By Kim Howard
Taking his seat before the Williston Reparative Board on Monday night, Essex teenager Nicholas Mott appeared nervous.
He straightened his navy blue, red and white striped polo shirt over his jeans. Once seated, he looked forward, one arm under the table, unrolling the cuffs on each pant leg over his black sneakers.
Dean Lanternier, sitting between board members Robyn Skiff Stirewalt and Lorayne Lapin, began the hearing: “What are you expecting to happen tonight?”
Mott, 18, had already appeared in court and was on probation for underage consumption of alcohol as a passenger in a traffic stop on Industrial Avenue in March. Slightly hunched, hands clasped together on the table, Mott responded to Lanternier’s question.
“I guess just find something I can do for the community to I guess apologize for what I did,” he said.
Mott understood better than most, Lanternier said, what the reparative board is all about.
Nearly six years old, the Williston Reparative Board hears cases on nonviolent offenses that occur in the towns of Williston or St. George. Petty theft, driving under the influence of alcohol or other drugs, underage drinking and possession of marijuana are common offenses that come before the board. Some offenders go to the board as a condition of probation; others go in lieu of court, provided they complete the reparations the board requires.
“They’re there to work with the offender to repair the harm done to the community” by their actions, explained Brenda Murphy, a Vermont Department of Corrections parole officer. “It’s not punitive by any means.”
Twice a month, two different panels of Williston volunteers – most are residents and one is a businessman – meet with offenders. Williston is just one of seven Chittenden County communities with a reparative board. Vermont is known nationally for its community-based restorative justice programs, according to the Department of Corrections Web site.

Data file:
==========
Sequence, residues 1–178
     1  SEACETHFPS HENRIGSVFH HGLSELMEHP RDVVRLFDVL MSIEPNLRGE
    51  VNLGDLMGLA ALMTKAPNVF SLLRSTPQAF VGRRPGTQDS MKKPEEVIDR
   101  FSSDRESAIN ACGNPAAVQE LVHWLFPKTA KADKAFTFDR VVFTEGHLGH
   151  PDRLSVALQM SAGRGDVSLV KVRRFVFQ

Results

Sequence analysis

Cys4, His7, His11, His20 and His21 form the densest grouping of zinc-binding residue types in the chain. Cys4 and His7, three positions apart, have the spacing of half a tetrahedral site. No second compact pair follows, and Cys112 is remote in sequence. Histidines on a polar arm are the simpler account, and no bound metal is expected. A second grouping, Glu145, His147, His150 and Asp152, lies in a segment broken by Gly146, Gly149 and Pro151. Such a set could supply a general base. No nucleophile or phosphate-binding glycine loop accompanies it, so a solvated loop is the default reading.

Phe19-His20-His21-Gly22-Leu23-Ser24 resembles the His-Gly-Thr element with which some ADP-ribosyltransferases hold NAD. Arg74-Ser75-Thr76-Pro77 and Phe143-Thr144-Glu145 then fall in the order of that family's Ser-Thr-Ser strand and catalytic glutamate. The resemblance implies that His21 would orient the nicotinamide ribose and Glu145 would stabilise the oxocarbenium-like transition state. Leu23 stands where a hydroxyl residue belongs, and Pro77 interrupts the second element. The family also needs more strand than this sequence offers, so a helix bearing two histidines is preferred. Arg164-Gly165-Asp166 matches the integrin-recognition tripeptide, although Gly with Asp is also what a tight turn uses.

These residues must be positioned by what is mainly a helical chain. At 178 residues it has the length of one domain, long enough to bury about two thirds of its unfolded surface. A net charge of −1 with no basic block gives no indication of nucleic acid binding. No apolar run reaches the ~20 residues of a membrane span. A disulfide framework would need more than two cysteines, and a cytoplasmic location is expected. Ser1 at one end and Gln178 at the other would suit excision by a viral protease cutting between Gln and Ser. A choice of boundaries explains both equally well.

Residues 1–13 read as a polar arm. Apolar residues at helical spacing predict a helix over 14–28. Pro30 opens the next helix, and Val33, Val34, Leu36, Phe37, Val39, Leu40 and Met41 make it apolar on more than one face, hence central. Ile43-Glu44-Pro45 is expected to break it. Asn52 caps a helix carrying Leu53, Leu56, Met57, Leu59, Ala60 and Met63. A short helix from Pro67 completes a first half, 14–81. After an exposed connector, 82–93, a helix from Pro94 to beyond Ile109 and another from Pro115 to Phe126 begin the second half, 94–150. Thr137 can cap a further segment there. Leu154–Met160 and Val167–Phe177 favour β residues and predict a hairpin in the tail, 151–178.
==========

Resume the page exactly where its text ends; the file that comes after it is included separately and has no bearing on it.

Restorative justice encourages victims of crimes and community members in which crimes have occurred to participate in their resolution. Boards hold offenders accountable by discussing the harm that was done, and creating contracts with actions that must be completed to repair the harm. Apology letters and community service are common contract requirements.
One case Monday night demonstrated the power of letting victims be part of the process. A 15-year-old offender had to listen as a teenage co-worker from whom she’d stolen $180 cried as she read a letter publicly about how hard she’d worked for that money, and that it was money she needed for college.
“I want her to know I feel deceived and let down,” the teen said.
After the hearing, the victim said she felt “10 times better” not just because her former co-worker said she’d repay the money, but also because she got to speak her mind and see the consequences for the person who’d stolen from her. The offender cried uncontrollably when she had to explain to the board why she stole, and the disappointment her actions elicited in her mother.
The reparative board Monday night represented Williston at large as the victim in Mott’s case. When asked how his actions affected the community, Mott was quick to respond.
“We could have been in a car accident because the driver had been drinking,” he said. “We were bringing the party into the car. We could have killed somebody. Anything could have happened. It wasn’t anything we thought about.”
Since nothing like that happened, Lapin asked him, are there other ways his actions affected others?
“It’s like a slap in the face to my parents, and a waste of time for the cops who could be arresting real criminals,” he told the board. His siblings, including an older brother, also were disappointed in him, he said.
After a 20-minute conversation, the board outlined their expectations. Mott would write letters of apology to his parents, his younger siblings, and his older brother. He would attend a driving under the influence workshop in which people who’ve had loved ones injured or killed by a drunk driver share their stories. He would write an essay about his response to that workshop, and write a research paper on the consequences of driving under the influence. And he would complete 30 hours of community service in Williston.
If he fails to complete the contract by mid-August, Mott must return to court where a punitive sentence will be imposed.
Brenda Massie, another probation officer who works in Chittenden County, said more than 90 percent of offenders complete their contracts. A study released earlier this year by professors at the Universities of New Hampshire, Vermont and Georgia, found that offenders placed on reparative probation instead of standard probation decreased the odds of a new conviction during probation by 23 percent. They also were 12 percent less likely to get another conviction after probation.
After his hearing, Mott told a reporter he didn’t understand why he had to “fix” anything in the community of Williston when he didn’t “mess up” the community. He conceded, however, that the process will affect his future decisions.
“You’ll look forward and think about everything you’d have to do again, and it’s not worth it,” he said. “There’s better ways to go about it.”
The Williston Reparative Board is seeking additional volunteers. For more information, contact Herb Sinkinson at the Department of Corrections at 651-1793 or firstname.lastname@example.org